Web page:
A diplomatic row threatens to disrupt Italy's Alpine province of South Tyrol over the question of national identity and whether some of its inhabitants should have the right to Austrian citizenship.
Italy's wealthiest province elects its new autonomous parliament on Sunday as Vienna and Rome lock horns over a proposal by Austrian Chancellor Sebastian Kurz to offer Austrian passports to South Tyroleans. But the offer extends to speakers of German or the regional language Ladin, not to those who only speak Italian.While the passport issue isn't on the ballot per se, and other issues such as immigration have dominated the campaign, the dual-nationality question has nevertheless been a hot-button topic.
Proponents of dual citizenship claim it will forge a stronger European identity in the face of growing far-right and populist forces. But critics fear offering Austrian nationality only to German- and Ladin-speakers could prove divisive in a territory often held up as a model of peaceful cohabitation between the different linguistic groups. And a furious Italian government sees Kurz's proposal as an attack on its sovereignty.
"You can't give away passports without our consent," Interior Minister Matteo Salvini said at the weekend. "A dual passport is out of the question."
Vienna, which has yet to draw up a concrete road map for its scheme, has recently sought to calm the waters, promising to proceed solely with Rome's consent.
In South Tyrol's capital Bolzano, the low-key campaign is in evidence only through a few political posters in the town's green spaces. For retired bank employee Rene, Austrian citizenship would be a dream come true. "We have nothing to do with Italy. It'll give us back a feeling of belonging to our Austrian homeland," he told Agence France-Presse (AFP).
Part of the Austro-Hungarian Empire for over five centuries, South Tyrol was ceded to Italy after World War I, but awarded autonomous status. Subjected to forced "Italianization" by Benito Mussolini from the 1920s, just before World War II the province's German speakers were offered the option of "returning" to Nazi Germany or remaining as fully fledged Italians. In 1948, the rights of the three main language groups, German, Italian and Ladin, were enshrined in the territory's autonomy statute. But for many the dream of rejoining Austria, or attaining independence from Italy, never faded. There was even a series of separatist bombings during the 1950s and 1960s.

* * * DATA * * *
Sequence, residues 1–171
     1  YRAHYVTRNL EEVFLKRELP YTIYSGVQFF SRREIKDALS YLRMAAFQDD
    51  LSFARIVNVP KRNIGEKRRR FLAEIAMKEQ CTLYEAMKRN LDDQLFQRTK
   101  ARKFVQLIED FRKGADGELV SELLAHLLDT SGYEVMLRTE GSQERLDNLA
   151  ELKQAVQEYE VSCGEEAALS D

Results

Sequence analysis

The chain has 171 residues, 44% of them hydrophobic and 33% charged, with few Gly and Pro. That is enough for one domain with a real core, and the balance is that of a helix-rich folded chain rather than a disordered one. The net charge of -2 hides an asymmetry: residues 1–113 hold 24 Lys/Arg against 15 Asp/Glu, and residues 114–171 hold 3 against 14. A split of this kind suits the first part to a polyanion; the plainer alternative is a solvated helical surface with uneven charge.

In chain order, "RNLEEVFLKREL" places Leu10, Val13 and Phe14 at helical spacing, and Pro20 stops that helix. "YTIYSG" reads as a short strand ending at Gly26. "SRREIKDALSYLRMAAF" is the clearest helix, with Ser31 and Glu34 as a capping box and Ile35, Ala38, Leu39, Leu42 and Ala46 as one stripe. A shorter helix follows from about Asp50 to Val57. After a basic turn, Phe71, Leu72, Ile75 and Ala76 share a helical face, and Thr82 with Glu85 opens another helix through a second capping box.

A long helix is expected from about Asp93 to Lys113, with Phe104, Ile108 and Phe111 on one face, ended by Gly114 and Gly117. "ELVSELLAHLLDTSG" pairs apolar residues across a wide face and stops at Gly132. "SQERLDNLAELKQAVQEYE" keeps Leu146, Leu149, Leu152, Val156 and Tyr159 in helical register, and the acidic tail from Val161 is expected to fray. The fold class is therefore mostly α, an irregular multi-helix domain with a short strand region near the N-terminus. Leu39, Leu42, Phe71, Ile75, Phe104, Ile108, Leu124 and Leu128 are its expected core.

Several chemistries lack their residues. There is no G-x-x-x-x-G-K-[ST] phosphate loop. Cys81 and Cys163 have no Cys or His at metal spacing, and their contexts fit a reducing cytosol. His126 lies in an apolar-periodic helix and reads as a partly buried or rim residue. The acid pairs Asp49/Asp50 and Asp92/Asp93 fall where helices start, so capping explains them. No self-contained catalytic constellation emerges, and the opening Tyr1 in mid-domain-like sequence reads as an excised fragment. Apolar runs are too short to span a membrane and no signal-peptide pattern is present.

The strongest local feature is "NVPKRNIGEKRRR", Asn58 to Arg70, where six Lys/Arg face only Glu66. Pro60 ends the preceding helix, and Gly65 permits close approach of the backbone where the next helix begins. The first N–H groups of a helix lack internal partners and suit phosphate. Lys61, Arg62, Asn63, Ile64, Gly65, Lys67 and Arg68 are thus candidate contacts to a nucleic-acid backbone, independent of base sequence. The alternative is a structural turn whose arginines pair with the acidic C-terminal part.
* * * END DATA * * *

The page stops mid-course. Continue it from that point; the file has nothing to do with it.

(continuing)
Everyone is required to identify with a linguistic group, and according to the latest figures from 2014, 65 percent of the half-a-million-strong population feel themselves to be German speakers, 27 percent Italian and four percent Ladin. All public signs are trilingual and most people switch effortlessly between Italian and German.
Please click to read our informative text prepared pursuant to the Law on the Protection of Personal Data No. 6698 and to get information about the cookies used on our website in accordance with the relevant legislation.
6698 sayılı Kişisel Verilerin Korunması Kanunu uyarınca hazırlanmış aydınlatma metnimizi okumak ve sitemizde ilgili mevzuata uygun olarak kullanılan çerezlerle ilgili bilgi almak için lütfen tıklayınız.